And then there was onePublished 8:30am Tuesday, February 12, 2013
He placed his hand on the Bible and in front of his colleagues, family and friends he promised to do the very best job he could do on behalf of those that elected him. Just a few minutes later, Dean Burke was seated at his desk on row two in the Georgia State Senate, shortly before casting his first vote as a member of the General Assembly.
It is easy to become cynical about politics these days. The American public, and indeed the citizens of Georgia, tend to see only the 15-second sound bites on cable news channels. They don’t understand the complexities surrounding the dozens of enormous issues facing our governments at every level. No more taxes. Tax the Millionaires. No more guns. Second Amendment Rights. Obamacare. Medicare. The list goes on and one.
It is a wonder that any good citizen offers themselves up for public service. Your entire life is scrutinized by the public. There are special-interest groups that could care less about anything in your political life other than how you will vote on their particular bill.
However, whenever I visit the State Capitol in Atlanta, I am reminded of all the really good things that happen there, and the good people who work hard with little credit to do the right thing.
Several weeks ago I happened to ride on the elevator with State Rep. Joe Wilkinson from Atlanta, who was elected after I left Atlanta. He asked where I was from and when I said Seminole County he responded that out of 159 counties in Georgia the only one he hadn’t visited was Seminole County.
He proceeded to offer me the use of his office, his private restroom, his coffee pot, and his telephone. He got me a pass to be in the House Chambers for the Governor’s State of the State address, even though the passes were long gone.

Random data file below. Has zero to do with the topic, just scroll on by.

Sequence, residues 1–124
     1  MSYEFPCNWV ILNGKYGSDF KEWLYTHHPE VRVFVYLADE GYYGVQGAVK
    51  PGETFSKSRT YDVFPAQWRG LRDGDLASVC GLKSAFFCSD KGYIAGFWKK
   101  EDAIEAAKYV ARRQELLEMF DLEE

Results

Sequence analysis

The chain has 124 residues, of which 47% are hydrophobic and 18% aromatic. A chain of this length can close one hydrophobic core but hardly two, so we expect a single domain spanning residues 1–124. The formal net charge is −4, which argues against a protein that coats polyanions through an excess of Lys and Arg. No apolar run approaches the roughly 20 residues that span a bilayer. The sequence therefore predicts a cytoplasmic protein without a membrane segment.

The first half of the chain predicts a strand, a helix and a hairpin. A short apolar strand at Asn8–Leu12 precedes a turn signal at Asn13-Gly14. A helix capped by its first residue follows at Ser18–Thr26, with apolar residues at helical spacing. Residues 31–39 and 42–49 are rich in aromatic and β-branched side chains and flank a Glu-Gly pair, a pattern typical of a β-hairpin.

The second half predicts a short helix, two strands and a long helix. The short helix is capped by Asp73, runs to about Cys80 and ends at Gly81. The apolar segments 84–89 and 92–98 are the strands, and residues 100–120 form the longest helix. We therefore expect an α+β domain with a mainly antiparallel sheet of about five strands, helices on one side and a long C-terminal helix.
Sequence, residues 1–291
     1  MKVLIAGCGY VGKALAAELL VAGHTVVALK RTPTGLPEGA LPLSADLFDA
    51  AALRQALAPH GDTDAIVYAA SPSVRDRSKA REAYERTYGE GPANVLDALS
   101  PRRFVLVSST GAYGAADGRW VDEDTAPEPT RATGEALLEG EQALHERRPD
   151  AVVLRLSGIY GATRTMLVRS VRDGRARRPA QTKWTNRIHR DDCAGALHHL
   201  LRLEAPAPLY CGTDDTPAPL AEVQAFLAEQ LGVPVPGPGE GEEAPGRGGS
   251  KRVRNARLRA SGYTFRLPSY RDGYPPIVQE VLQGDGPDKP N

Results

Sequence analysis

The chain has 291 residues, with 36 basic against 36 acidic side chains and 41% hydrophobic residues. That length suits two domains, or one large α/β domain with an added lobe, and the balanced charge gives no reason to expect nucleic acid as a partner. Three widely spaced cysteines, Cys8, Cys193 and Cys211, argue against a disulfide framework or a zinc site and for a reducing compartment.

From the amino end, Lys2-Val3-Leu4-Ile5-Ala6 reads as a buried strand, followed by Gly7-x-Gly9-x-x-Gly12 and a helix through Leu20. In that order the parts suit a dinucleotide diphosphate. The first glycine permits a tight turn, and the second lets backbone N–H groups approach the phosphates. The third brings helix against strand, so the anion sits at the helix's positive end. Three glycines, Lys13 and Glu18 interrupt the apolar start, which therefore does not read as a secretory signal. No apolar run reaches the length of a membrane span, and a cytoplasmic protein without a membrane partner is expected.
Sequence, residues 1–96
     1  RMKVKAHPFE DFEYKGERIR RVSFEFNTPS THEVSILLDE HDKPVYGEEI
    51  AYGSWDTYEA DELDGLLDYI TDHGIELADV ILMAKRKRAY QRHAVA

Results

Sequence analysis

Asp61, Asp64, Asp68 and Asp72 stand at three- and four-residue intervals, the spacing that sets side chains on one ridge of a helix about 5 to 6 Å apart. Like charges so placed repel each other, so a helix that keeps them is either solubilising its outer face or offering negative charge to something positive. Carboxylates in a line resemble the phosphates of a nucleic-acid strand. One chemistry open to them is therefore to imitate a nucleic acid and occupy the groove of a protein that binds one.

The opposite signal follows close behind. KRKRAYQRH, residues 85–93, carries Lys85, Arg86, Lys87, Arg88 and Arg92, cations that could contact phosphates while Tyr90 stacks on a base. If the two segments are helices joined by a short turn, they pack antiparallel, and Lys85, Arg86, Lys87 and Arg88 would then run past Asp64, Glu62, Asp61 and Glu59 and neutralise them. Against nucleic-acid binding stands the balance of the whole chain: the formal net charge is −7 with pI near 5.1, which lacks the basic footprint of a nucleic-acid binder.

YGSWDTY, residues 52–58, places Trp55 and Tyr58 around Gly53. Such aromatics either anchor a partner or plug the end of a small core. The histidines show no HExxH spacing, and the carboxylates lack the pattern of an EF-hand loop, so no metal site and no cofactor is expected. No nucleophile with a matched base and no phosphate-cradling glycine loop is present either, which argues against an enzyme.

Joe’s extraordinary hospitality to a stranger makes me wonder at how attentive he must be to his own constituents. If I don’t do anything else on behalf of my home county in the next couple of years, I am going to make sure that Representative Joe Wilkinson gets to visit Seminole County. He can say at that point, “And then there were none.”
During Dean’s ceremonial first day, I ran into many old friends. I entrusted Dean’s care to my great old friends, Sen. Tim Golden and Rep. Gerald Greene. Heaven help them all.
I left Atlanta with one thing that I treasure and that made everything else worthwhile. Deep and abiding friendships with people I would not have ever known except for our common service to the state of Georgia. Cathy Cox, my predecessor. Kermit Bates, my friend and mentor. Jay Shaw and Johnny Floyd, two of my great suitemates. The list is much too long to continue, but let me just say that my blessings were great.
As Dean Burke begins his journey in Atlanta, I wish for him not just political success, but also the hope that he finds joy, strength and support in the many friends that he will make along the way.